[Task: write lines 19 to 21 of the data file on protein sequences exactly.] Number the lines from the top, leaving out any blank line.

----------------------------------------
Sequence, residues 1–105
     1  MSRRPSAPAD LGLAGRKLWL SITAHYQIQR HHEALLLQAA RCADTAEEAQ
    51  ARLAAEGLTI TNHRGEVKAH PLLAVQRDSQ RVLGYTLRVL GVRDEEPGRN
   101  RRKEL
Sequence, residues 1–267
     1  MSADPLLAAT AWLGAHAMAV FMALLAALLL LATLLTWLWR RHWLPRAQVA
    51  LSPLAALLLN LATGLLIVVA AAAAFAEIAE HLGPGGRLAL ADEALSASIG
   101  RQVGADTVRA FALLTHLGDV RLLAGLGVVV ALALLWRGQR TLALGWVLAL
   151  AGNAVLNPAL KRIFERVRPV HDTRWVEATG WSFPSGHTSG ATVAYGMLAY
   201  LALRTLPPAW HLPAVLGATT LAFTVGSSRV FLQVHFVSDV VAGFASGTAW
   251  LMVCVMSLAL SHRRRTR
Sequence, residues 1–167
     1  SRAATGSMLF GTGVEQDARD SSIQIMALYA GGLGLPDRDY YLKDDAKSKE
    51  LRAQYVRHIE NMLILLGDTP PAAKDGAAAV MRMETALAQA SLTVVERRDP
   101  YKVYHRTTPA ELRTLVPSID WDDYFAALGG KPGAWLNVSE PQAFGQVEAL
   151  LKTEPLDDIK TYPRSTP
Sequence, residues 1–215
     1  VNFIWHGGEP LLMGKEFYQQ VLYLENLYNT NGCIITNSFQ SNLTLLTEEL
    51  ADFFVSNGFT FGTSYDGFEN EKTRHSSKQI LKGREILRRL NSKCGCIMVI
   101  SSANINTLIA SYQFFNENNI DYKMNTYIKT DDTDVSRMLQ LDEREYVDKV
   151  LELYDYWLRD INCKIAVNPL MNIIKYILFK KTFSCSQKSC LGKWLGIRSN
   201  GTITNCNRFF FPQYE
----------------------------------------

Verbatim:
    51  ADFFVSNGFT FGTSYDGFEN EKTRHSSKQI LKGREILRRL NSKCGCIMVI
   101  SSANINTLIA SYQFFNENNI DYKMNTYIKT DDTDVSRMLQ LDEREYVDKV
   151  LELYDYWLRD INCKIAVNPL MNIIKYILFK KTFSCSQKSC LGKWLGIRSN